It just so happens that Brent had written an IEEE paper with Tamara Sulaiman and Thomas Blackburn that was published in 2006 about the "Agile EVM" method, which showed traditional Earned Value methods that business was used to using for project reporting and assessment could be used with Scrum. Brent, being a mathematics geek, had written the mathematical proof that supported this claim in the paper. At first we thought this was just a nice contribution to those organizations that needed to produce Earned Value reporting while adopting an agile approach to their software delivery. But over time we started to notice that this was an essential piece for solving the gap between the adaptive planning techniques of teams adopting agile software development approaches and the needs for business to discuss progress and strategic plans using dollars and dates.
http://www.agileEVM.com now gives teams using agile methods the ability to manage up to their business counterparts with dollars and dates using the Agile EVM method along with additional release, project, product, program, and project portfolio rollup calculation engine features. The tool has gone beyond what Agile EVM, as a method, does for tracking release progress to providing a project portfolio dashboard that incorporates impediment management, assertion of quality criteria for each release (aka Definition of Done as described earlier), what if analysis, printable reports, and enterprise integration capabilities. We are excited and passionate about helping the business take advantage of what agility has to offer beyond a single project.
Matt: I know you spent awhile teaching at the University of Washington in their certificate program. Can you tell us a bit about that? It seemed more rigorous than some other technical certificates.
Chris: I had a great time helping shape the original curriculum for the University of Washington's Agile Developer certificate program. I worked with many other folks in the local Agile community putting together the certificate, which takes about a year to earn through three courses. Those courses start with Scrum, go into XP technical practices, and then (the portion that I taught) Advanced Topics in Agile Software Development. For the Scrum and XP portions there is specific focus on the use of these methods from theory into practice. The advanced topics portion allowed me to venture wherever the class wanted to go. From user stories to Kanban to working with legacy code to innovation games and more we were able to decide what would help the participants round out their capabilities with Agile methods. What I liked about the courses was that we could get real feedback from participants that were also working in the real world about how they were able to adopt specific capabilities at work. We would provide a learning environment to introduce and practice capabilities outside of their work, and then they would take those capabilities into the workspace, and return with specific questions to share with the class.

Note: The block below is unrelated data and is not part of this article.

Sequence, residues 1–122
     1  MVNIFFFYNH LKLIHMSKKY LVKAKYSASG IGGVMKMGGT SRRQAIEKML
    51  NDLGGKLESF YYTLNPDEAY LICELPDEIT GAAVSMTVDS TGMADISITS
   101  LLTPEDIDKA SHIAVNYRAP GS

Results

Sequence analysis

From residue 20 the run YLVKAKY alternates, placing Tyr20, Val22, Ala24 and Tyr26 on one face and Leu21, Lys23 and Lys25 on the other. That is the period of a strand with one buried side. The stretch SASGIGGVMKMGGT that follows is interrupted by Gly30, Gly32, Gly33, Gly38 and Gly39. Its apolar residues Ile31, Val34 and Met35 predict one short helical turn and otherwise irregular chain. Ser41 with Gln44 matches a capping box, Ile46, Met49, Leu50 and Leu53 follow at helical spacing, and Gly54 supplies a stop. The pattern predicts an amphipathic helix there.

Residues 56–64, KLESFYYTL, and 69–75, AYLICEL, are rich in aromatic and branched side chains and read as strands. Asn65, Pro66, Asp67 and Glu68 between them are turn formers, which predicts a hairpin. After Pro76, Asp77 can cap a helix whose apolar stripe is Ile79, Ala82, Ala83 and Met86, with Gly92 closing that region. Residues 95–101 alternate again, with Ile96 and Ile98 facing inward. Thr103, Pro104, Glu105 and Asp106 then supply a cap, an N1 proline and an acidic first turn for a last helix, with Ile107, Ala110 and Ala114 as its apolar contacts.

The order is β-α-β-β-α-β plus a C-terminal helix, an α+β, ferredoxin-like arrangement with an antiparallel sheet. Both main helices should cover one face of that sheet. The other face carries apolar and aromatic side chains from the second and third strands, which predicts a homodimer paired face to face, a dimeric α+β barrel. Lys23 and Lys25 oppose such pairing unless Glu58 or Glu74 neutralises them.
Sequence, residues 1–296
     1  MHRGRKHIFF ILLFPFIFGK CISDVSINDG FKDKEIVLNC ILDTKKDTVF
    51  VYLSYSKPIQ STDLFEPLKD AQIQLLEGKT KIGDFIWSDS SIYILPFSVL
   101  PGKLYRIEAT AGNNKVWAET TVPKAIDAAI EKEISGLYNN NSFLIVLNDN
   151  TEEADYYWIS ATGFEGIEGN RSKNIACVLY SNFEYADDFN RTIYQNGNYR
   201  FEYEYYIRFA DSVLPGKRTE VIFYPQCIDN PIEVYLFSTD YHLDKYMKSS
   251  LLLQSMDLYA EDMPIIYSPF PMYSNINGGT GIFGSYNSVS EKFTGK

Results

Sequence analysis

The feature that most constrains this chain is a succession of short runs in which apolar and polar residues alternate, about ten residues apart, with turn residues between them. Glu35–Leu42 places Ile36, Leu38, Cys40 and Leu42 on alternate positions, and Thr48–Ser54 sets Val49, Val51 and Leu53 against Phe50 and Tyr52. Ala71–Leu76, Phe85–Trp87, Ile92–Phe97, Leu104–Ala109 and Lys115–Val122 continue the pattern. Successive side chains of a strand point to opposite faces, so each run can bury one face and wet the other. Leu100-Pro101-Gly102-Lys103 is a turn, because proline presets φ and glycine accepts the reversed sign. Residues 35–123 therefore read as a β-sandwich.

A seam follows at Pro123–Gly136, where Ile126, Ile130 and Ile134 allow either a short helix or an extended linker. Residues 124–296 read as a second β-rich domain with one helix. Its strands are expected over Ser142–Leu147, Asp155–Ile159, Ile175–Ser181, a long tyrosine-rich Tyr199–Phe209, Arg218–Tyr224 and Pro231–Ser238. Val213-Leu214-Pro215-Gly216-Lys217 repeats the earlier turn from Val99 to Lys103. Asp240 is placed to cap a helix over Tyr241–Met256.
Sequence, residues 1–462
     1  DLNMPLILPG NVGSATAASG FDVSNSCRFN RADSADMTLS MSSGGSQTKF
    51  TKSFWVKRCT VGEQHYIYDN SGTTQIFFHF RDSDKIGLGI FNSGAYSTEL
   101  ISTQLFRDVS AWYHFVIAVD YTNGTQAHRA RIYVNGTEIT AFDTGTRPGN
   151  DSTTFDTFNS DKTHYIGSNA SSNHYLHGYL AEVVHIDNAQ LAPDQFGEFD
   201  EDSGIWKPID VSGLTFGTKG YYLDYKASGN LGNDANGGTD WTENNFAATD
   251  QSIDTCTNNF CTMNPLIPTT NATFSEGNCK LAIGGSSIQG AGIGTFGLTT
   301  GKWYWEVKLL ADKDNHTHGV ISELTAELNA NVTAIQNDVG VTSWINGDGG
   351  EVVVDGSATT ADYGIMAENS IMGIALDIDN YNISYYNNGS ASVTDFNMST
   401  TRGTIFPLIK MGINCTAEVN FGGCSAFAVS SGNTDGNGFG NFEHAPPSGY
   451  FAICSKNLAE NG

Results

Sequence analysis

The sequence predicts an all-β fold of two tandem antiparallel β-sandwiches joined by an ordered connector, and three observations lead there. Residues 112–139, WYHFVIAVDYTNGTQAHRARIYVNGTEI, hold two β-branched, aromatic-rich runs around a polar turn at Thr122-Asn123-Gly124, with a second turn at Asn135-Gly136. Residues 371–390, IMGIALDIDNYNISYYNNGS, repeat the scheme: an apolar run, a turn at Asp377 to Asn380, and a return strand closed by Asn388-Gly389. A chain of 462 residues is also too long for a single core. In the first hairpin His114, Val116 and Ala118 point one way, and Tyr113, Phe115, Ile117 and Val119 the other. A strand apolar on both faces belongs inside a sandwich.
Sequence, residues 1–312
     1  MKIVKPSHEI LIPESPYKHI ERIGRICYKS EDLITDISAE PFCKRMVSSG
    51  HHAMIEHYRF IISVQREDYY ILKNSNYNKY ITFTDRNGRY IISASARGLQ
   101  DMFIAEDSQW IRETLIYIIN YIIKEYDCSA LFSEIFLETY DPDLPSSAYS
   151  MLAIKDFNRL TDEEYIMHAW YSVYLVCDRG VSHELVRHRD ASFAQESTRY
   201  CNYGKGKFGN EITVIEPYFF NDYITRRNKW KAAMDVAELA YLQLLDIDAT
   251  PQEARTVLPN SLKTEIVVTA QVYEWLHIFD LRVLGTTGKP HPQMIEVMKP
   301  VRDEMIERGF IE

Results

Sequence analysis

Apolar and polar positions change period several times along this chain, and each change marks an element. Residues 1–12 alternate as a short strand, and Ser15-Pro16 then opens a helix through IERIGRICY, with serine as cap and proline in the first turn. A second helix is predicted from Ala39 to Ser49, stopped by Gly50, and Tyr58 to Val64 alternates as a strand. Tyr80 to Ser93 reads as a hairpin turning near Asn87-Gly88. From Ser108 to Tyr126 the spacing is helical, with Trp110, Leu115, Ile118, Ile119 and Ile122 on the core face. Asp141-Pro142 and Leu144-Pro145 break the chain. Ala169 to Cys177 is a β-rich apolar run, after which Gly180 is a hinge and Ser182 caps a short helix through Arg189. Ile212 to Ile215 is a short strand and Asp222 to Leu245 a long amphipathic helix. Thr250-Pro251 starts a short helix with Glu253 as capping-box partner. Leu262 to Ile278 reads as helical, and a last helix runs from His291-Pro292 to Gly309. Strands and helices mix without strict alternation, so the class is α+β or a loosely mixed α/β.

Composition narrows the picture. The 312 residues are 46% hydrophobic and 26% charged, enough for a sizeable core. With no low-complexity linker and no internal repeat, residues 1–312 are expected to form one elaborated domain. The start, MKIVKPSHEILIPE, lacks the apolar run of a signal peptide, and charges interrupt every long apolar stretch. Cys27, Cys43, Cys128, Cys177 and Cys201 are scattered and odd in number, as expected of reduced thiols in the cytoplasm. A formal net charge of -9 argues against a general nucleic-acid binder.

Just so you know. I am a Certified Scrum Trainer with the Scrum Alliance. I find that the introductory courses, Certified ScrumMaster and Certified Scrum Product Owner, can be helpful to those getting started. We have found that people come away with real ways to implement Scrum and have success when I meet with them later or decide not to take it all on yet because of their environment. Both are potentially good outcomes after a two-day course. I find it helpful to tell the participants that they are not going to be masters of Scrum once they sit through a two-day course; rather they will know what is not Scrum once the class is completed. Also, I hope that even if they do not implement Scrum they take away aspects of it and new capabilities to help make their work life a bit better, including a primer on Managing Software Debt with techniques and tools that can help Scrum teams make the transition to iterative and incremental development.
Matt: Thank you for participating. Where can we go for more?
Chris: Please check out our blog at gettingagile.com; it has over 100 articles on topics from software debt to agile software development to architecture and more. We have had this blog since 2005 and continue to provide our thoughts on a frequent basis. You can contact me via email at firstname.lastname@example.org to discuss software debt, agile software development, hiring me, or get some time with me to help you get started with Agile EVM.